A collaborative effort between writer Lane Yates and artist Garrett Young that was self-published toward the tail end of 2019, The Garden is a curious and fascinating mini that weaves an utterly unique spell that exemplifies the notion of, with apologies to Dan Clowes, an iron first under a velvet glove. But that fist is all the more powerful for restraining itself and never quite connecting.
Set in a bucolic and lavish landscape rife with strange growth, an aging couple referred to only as “Neighbor” and “Fellow” strike up an intimate relationship in the midst of “all this dreadful beauty,” largely because — apart from an omnipresent, multi-eyeballed observer — there doesn’t appear to be anybody else around. Details are scarce — aside from those found within Young’s intense, intricate illustrations — and that’s one of the comic’s most intriguing facets : who these people are, what they’re doing here, why this “Eyeball Kid” (apologies this time to Eddie Campbell) is apparently acting as a de facto “border guard” between this hermetically-sealed world and the one that may or may not exist outside it, why a “neighborhood” with the character and affect of many an entirely-foreclosed-upon suburban cul-de-sac should exist within these alien (in the most precise sense of the word) environs — these are left entirely up to the reader to determine for themselves, and seem purposely left wide open for allegorical interpretation.
The rigid formalism of the book’s page layouts add to the feeling of this reality being entirely separate and self-contained, and ditto for Yates’ largely-stiff and expository dialogue, which has a rhythm and cadence all its own that nevertheless complements the artwork beautifully. In the eyes of many a reader of “avant-garde,” “independent,” or “art” comics, it’s taken as a given that one head is always better than two, but this is very much a singular work of artistic expression — it’s just that it happens to have been made by a pair of people. Seamlessness off the page leads to seamlessness on it, then, it would appear.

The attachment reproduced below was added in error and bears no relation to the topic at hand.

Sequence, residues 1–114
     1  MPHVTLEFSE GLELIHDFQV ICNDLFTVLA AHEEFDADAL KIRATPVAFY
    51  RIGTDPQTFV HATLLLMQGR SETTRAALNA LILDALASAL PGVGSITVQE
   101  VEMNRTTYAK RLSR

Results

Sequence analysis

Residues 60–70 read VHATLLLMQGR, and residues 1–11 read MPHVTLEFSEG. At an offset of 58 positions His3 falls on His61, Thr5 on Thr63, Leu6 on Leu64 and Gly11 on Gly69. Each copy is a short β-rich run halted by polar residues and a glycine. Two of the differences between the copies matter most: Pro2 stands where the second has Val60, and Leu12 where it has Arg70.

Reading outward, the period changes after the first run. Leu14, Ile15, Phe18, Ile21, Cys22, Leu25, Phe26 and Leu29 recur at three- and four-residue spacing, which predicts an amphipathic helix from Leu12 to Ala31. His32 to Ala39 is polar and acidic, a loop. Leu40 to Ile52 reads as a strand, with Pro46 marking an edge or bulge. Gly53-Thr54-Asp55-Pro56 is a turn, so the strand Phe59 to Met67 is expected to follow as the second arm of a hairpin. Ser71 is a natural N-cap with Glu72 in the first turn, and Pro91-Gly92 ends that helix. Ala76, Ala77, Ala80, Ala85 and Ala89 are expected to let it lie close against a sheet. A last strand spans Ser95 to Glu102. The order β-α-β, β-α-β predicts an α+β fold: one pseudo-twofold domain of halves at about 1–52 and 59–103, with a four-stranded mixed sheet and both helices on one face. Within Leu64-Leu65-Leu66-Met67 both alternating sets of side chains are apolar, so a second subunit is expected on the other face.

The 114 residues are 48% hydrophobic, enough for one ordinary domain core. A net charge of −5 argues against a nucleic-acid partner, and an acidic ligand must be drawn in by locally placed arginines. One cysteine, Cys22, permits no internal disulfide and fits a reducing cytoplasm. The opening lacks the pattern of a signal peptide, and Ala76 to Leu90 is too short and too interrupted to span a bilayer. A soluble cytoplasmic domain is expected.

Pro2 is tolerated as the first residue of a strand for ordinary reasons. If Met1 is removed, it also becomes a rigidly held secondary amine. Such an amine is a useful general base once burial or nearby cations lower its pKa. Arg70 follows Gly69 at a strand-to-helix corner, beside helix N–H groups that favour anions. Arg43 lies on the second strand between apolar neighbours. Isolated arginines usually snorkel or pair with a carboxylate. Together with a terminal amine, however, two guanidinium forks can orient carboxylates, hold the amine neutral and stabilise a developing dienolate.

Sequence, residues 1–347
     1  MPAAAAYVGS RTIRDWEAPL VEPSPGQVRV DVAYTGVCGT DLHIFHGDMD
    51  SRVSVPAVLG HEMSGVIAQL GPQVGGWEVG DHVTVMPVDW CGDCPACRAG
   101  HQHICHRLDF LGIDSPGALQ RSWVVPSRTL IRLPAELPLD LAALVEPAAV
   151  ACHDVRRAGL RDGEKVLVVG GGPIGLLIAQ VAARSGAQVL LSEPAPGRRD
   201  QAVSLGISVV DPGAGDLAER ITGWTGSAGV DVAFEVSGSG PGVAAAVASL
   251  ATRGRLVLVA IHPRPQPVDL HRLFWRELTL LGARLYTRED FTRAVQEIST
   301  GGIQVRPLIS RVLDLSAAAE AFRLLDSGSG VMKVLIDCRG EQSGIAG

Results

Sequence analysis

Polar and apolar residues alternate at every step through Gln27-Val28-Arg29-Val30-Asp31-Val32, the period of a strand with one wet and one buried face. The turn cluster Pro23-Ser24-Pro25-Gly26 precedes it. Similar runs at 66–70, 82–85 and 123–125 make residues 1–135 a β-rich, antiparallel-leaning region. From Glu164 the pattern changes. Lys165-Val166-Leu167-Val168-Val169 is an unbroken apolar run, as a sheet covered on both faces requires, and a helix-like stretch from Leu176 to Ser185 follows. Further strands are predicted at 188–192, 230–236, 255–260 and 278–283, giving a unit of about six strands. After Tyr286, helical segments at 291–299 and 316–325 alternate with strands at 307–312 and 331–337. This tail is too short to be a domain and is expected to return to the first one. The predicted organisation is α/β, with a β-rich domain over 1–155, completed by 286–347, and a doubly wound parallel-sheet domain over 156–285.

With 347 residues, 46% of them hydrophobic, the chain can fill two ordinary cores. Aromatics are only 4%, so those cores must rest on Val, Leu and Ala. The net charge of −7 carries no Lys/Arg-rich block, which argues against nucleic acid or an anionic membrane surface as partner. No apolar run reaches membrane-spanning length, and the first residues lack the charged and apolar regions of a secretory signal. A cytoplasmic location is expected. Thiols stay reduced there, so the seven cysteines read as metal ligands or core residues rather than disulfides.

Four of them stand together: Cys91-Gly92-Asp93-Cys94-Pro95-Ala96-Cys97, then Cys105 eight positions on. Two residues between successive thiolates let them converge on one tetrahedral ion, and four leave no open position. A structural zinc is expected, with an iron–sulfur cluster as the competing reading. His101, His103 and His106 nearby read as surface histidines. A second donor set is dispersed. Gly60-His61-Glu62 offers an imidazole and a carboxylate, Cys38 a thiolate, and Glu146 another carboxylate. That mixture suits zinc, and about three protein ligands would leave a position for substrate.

All looks and reads well, then — but all certainly never feels well. The passage of time isn’t just a fact of life in this seemingly-Edenic vista, it hangs over all like an oppressive force — which, let’s face it, is precisely what time is, it’s just that we’re trained and conditioned to take it as a given. Not so here, however — and that fourth-dimensional pressure, while unseen, never goes unnoticed. And it only seems to run in one direction — Neighbor and Fellow change, age, and all that, but their surroundings? Not so much. In fact, not at all.
This lends the entire proceedings a sense of unease and dread that’s always at a remove; it hangs over things without crashing down on them. The pacing here is borderline-idyllic, to be sure, but it’s nevertheless fraught with an almost sublime tension, the end result being something close to what a leisurely-expanding fraught nerve might feel like — assuming there actually was such a thing.
That might be a metaphor that’s ultimately impossible to apply to anything, then — they tend to be more successful when referring to things that actually exist — but I feel pretty confident in its usage here, given that this is a comic that is utterly and absolutely unlike anything else itself. And while it may be short, don’t be surprised if you spend hours with it — and if it lingers in your mind even longer than that after you’ve put it aside.
The Garden is available for $8 from Austin English’s Domino Books distro at http://dominobooks.org/thegarden.html
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